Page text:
Categories
Magento 1

Fixing Magento’s Configurable Attribute Ordering

Somewhere along the way in a 1.9.x update, configurable attribute sorting stopped working on the fronted. Magento should use an attribute’s position parameter (in the options tab when editing a product attribute), to order the dropdown on a product detail page.

The issue appears to be where Magento assigns prices to an attribute collection in Mage_Catalog_Model_Resource_Product_Type_Configurable_Attribute_Collection

Magento first gets the options for the attribute here:

 $options = $productAttribute->getFrontend()->getSelectOptions();

At this point, all is good. In Magento’s SQL to get the options, sort_order is used correctly and the array of options is in the correct order.

The problem seems to occur in the loop on line 257:

 foreach ($this->getProduct()->getTypeInstance(true)
->getUsedProducts(array($productAttribute->getAttributeCode()), $this->getProduct())
   as $associatedProduct) {
...
}

The order of the attributes will now be determined by the order of items in this loop, which is the order of associated products.

What we need to do is re-order the $values array which is populated in the above loop, we can do this using the order of the $options array:

$order = 0;
$optionsByValue = array();
foreach ($options as $option) {
    $optionsByValue[$option['value']] = $option['label'];
    $orders[$option['value']] = $order;
    $order++;
}

Here we utilise the existing loop which populates the $optionsByValue array to log the ordering of each option. We can then use those values by passing them into our custom sort method just before Magento adds the prices to each item:

/* Resort the values array using the order we've logged against options */
usort($values, array($this, 'sortValues'));

foreach ($values as $data) {
    $this->getItemById($data['product_super_attribute_id'])->addPrice($data);
}

Here’s the sort method which puts the array back to the correct sort order:

public function sortValues($value1, $value2){
    if(isset($value1['sort_order']) && isset($value2['sort_order'])){
        if($value1['sort_order'] > $value2['sort_order']){
            return 1;
        }

        if($value1['sort_order'] < $value2['sort_order']) {
            return -1;
        }

        return 0;
    }
}
Categories
Magento 1

Displaying Magento’s Configurable Options as Radio Buttons (Quick and Dirty)

By default Magento displays a product’s configurable options as select drop downs. This isn’t always appropriate for the project however; some clients prefer radio buttons, and longer product names will cause some of the text in the select box to be cut off on mobile devices.

Here’s a quick and dirty way to display those selects as radio buttons (this assumes a descendent of the RWD theme is being used and hasn’t been tested with a base theme). We don’t mess about with changing templates with this method – it’s all done in JavaScript.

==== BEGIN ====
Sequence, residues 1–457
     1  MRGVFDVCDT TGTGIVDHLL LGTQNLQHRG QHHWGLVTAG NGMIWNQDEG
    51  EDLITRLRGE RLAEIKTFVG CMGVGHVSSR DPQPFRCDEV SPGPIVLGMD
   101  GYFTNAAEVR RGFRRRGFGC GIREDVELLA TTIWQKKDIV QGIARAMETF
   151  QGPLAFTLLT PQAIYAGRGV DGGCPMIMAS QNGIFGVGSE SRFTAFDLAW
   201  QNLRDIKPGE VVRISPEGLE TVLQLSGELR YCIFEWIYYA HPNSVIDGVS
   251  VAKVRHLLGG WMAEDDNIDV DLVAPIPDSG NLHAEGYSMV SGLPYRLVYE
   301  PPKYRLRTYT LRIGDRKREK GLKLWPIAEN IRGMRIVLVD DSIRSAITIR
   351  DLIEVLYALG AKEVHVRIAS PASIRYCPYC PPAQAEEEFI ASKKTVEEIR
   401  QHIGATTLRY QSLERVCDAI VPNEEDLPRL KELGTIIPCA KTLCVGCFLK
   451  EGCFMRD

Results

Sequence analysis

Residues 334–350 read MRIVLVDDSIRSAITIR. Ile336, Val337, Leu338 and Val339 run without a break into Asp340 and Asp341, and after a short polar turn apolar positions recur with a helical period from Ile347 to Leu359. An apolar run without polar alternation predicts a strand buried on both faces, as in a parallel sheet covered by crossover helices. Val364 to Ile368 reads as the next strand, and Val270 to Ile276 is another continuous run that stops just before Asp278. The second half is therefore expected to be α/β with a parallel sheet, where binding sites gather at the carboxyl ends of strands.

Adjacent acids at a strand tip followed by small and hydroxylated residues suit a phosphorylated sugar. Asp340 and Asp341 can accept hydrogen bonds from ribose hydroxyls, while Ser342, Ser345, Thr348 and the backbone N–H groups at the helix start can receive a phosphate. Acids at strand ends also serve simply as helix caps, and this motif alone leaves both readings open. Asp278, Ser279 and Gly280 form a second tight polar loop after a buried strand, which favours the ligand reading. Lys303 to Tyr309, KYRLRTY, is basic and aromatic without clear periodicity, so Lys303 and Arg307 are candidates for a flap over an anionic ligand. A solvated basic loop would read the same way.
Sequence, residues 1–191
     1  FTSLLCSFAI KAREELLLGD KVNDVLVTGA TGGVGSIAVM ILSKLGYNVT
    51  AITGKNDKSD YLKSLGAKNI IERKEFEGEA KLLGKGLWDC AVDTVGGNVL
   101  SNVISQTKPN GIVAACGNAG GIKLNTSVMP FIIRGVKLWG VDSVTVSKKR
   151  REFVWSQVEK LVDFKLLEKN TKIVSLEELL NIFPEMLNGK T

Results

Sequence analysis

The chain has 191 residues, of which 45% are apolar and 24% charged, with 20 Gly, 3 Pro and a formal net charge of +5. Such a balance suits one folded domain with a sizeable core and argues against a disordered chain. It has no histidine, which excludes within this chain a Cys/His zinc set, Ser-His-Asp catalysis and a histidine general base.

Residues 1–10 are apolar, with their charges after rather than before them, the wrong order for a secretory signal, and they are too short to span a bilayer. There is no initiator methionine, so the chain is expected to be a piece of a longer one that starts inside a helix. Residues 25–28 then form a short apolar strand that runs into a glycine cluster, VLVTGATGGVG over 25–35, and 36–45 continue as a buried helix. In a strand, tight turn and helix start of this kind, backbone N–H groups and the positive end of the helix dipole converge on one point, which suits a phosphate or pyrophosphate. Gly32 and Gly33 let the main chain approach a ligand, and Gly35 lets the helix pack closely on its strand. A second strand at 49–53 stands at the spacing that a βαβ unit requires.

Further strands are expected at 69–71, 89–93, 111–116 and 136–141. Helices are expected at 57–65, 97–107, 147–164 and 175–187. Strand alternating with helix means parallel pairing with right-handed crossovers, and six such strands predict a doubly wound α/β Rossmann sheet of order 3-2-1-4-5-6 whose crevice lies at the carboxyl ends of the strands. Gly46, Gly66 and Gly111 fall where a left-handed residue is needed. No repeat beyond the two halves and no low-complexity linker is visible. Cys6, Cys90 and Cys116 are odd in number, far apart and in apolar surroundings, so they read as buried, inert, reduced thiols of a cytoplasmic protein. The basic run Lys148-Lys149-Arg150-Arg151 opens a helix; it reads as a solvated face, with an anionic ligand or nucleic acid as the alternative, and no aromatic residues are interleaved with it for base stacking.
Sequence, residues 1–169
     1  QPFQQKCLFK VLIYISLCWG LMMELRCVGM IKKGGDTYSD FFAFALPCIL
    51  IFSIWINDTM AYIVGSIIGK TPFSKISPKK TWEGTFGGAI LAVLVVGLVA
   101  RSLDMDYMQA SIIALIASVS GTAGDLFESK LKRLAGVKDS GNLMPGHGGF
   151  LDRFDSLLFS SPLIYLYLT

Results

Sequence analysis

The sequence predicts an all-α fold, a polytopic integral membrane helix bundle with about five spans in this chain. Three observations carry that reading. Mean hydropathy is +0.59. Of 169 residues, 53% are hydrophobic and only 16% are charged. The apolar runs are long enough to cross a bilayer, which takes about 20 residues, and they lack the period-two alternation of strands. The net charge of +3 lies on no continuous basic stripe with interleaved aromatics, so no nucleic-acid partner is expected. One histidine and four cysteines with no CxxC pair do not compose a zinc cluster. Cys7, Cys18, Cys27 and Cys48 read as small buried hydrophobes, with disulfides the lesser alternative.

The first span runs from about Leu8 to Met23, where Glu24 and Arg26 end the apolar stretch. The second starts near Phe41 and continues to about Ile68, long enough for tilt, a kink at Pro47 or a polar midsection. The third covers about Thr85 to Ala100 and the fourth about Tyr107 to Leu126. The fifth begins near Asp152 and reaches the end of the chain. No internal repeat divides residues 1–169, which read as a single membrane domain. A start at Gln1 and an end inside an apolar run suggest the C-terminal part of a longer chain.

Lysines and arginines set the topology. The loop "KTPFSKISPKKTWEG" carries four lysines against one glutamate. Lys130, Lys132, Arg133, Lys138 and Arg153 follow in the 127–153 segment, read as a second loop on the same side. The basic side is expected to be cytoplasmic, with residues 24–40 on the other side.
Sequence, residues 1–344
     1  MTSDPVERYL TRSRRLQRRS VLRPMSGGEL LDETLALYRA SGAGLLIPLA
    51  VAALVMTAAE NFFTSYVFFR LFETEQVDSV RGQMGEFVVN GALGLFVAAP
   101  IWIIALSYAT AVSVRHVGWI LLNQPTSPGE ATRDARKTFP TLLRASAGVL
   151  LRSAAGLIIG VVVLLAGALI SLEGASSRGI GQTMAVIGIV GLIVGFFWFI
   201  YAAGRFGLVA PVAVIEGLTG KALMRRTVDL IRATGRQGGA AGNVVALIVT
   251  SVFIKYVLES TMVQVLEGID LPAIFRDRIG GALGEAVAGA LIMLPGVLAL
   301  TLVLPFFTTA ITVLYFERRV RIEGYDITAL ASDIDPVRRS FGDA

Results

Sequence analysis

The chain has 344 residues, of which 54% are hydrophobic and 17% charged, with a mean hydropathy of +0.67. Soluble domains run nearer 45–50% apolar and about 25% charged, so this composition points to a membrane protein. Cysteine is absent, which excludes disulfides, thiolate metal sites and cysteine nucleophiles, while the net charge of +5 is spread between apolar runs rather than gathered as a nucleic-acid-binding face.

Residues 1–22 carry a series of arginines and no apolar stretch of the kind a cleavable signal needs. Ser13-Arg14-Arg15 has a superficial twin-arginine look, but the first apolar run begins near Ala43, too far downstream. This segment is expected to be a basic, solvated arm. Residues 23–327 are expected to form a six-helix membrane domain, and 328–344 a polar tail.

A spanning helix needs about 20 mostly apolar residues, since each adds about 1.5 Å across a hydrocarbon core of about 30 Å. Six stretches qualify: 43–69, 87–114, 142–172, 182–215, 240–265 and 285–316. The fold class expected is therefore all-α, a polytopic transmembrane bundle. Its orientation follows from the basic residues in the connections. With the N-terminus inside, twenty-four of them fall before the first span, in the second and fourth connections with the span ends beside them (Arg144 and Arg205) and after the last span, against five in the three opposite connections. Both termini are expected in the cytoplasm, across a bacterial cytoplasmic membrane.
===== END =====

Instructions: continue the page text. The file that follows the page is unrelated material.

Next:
XML

    <PRODUCT_TYPE_configurable>
        <reference name="head">
            <action method="addItem">
                <type>skin_js</type>
                <name>js/configurable.js</name>
            </action>
        </reference>
    </PRODUCT_TYPE_configurable>

JavaScript – configurable.js

;(function($j){
    var loadOptions = Product.Config.prototype.loadOptions;
    var containerClass = "options-list"

    // Create an option array for each of the configurable options
    Product.Config.prototype.loadOptions = function() {
        loadOptions.apply(this);
        var self = this;

        this.settings.each(function(element){
            var attributeId = element.id.replace(/[a-z]*/, '');
            var options = self.getAttributeOptions(attributeId);
            var radioId = attributeId + "-radio";

            var $optionContainer = $j('<ul />').addClass(containerClass);

            if(options){
                for(var i=0;i<options.length;i++){
                    var $radio = $j("<input type='radio' />" ).attr("name", radioId).addClass('radio');
                    var $li = $j("<li />");
                    var foundValue = $j(element).find('option[value="' + options[i].id + '"]').html();
                    var $span = $j("<span class='label' / >").append($j('<label />').html(foundValue));

                    $radio.attr('value', options[i].id);
                    $li.append($radio)
                        .append($span);

                    $optionContainer.append($li);

                    $radio.on('click', function(ev){
                        var val = $j(this).val();
                        $j(element).val(val);
                        self.reloadPrice();
                    });
                }
            }

            $j(element).parent().append($optionContainer);
            
            $j(element).css({
                'visibility':'hidden',
                'height': '0px',
                'position': 'absolute'
            });
        });
    }
}(jQuery));
  • We monkey patch the Product.Config object and add our own loadOptions method. This runs the original method, then recreates the select as a list of radio options in the same container as where the select box resides.
  • The select box is then hidden, however instead of applying a display: none on it, we change its visibility, height and position. This because Magento will not validate hidden options by default so appling this method allows us to keep Magento’s built in validation.
  • When the user changes the selected radio button, all the script does is changes the value of the hidden select box and then calls the reloadPrice() method.